• Operations/Business: Understand the potential impact on the firm, business partners, and customers if scenarios occur. Also, should understand the use of technology in the business and therefore can help with scenario development. For example, could the firm suffer business interruption losses, or could defective products cause tangible harm to end users?
    • Legal: Help project legal costs and projected liabilities if scenarios occur.
    • Finance/Treasury: Understand asset values. For example, what is the value and/or replacement cost of firm equipment if such equipment is rendered inoperable?
    • Risk Management/ERM/Audit: Can provide insight from other company and industry losses and risk simulations that could relate to the cyber scenarios.
  • Axio has consistently found that key stakeholders from within the firm can use their institutional knowledge to effectively estimate the impact of a cyber events. In many instances, the exercise simply confirms that the type of losses that have been caused by traditional perils (such as fire, equipment breakdown, theft, etc.) can also be caused by cyber means. In those instances, the data from historical losses serves as a proxy for the cyber loss event.

  • Cyber Risk Quantification is accomplished in a one-day workshop, which can be scheduled as one full day or in several meetings. Timing can vary by organization and whether the exercise needs to include various distinct operating units. For a midsized organization, the scenario generation process typically takes two to three hours and the scenario quantification process typically takes one hour per scenario.

02

Insurance Stress Testing

  • To quantify the organization’s ability to recover financially from a complex and costly cyber event, we must understand how the insurance portfolio will respond. Insurance is an increasingly important control for security leaders to consider. Security leaders should be involved in aligning the organization’s insurance portfolio with respect to cyber risk. The Insurance Stress Testing looks at the potential for the insurance portfolio to reduce the gross impact of a cyber event.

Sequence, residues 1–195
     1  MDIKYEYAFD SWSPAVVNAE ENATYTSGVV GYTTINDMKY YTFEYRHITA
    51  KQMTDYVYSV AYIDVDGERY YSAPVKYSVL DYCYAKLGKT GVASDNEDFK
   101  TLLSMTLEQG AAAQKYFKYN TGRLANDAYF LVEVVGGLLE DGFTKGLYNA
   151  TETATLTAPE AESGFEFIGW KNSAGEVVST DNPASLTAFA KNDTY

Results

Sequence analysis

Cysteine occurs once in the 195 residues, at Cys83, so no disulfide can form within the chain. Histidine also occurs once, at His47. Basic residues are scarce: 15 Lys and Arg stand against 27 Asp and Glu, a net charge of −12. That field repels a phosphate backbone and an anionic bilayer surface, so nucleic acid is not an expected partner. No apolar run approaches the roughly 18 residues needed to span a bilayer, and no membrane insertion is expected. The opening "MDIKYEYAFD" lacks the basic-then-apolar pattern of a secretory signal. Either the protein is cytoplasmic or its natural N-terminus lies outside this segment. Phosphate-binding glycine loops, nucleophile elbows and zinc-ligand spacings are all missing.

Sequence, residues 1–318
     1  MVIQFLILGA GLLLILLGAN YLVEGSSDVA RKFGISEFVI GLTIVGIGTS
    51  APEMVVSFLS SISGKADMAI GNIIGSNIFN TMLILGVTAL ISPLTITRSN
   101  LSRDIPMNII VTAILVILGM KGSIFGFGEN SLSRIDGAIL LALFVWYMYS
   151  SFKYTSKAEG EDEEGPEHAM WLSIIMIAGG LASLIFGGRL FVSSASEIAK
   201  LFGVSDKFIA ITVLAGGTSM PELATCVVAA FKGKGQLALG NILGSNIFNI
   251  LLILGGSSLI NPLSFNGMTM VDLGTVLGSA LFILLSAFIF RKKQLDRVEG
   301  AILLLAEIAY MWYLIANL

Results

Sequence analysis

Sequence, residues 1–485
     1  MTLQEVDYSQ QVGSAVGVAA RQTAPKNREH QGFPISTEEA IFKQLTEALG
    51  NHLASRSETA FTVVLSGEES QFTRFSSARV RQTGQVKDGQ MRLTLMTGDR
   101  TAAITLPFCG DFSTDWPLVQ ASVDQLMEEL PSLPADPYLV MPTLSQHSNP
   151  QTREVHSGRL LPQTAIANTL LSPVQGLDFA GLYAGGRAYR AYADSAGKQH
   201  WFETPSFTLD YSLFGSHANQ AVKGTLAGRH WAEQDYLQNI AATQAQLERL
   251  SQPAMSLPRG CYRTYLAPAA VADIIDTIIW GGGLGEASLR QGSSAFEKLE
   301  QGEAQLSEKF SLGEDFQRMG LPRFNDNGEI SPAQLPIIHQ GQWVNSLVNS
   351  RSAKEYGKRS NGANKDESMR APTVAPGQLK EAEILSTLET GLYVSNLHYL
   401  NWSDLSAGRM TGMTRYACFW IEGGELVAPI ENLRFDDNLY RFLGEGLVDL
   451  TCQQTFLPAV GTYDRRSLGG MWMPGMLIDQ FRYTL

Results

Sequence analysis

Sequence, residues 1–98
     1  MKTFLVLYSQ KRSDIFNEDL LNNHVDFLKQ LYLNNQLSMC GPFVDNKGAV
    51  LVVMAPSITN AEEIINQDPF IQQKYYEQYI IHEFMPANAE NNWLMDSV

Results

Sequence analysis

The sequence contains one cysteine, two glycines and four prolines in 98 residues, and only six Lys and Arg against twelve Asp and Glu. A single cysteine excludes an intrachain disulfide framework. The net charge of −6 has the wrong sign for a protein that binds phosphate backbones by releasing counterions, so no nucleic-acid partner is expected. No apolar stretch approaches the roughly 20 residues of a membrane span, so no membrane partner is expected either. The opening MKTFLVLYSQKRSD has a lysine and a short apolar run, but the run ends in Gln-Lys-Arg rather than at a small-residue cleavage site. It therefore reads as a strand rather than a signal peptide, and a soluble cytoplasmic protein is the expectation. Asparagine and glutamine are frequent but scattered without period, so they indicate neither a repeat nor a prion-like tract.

• First, Axio analyzes relevant policies in the portfolio to discover how they are worded with respect to a cyber peril. The logic in the diagram below is used to evaluate the coverages, whether there is explicit cyber coverage, whether cyber is explicitly excluded, or whether the policy is silent regarding cyber.

    Next, Axio uses the quantified loss scenarios from the Cyber Risk Quantification process to determine the potential for the insurance portfolio to reduce the impacts quantified in the scenarios. Insurance recoveries are estimated for each of the impacts from each scenario. This provides the necessary data to determine how each of the quantified scenarios could impact the organization’s balance sheet, as summarized by quadrant in the example below.

  • Insurance coverages are mapped to the Axio four-quadrant impact model. The quadrants are used to graphically summarize the analysis results, as shown in the example below (although with policy information added). Comments about cyber coverages and exclusions are provided for each policy analyzed. For each scenario, specific impacts are shown by quadrant, along with any available and applicable insurance coverage, as shown in the example below. Recommendations are given for improvements or additions to policies and controls. The results are briefed virtually or onsite.

03

Axio Cyber Program Optimization

  • Axio facilitates on-site workshops that evaluate the maturity of cybersecurity programs based on either the Cybersecurity Capability Maturity Model (C2M2) or the NIST Cybersecurity Framework (NIST-CSF). Using a reference maturity model for cyber program evaluation provides a common language, consistent scoring, a roadmap for investment and improvement, and the potential for peer and internal benchmarking. These models are widely adopted and cover both traditional IT security and the security of operational technology (OT or industrial control systems). Most organizations have at least some OT systems for building or power controls.

  • The evaluations are conducted using the Axio360 platform, a web-based evaluation and planning system. An Axio facilitator leads participants in evaluating their cybersecurity practices against each model practice, and participants decide on an implementation level. The facilitator assists workshop participants in the interpretation of model content as needed.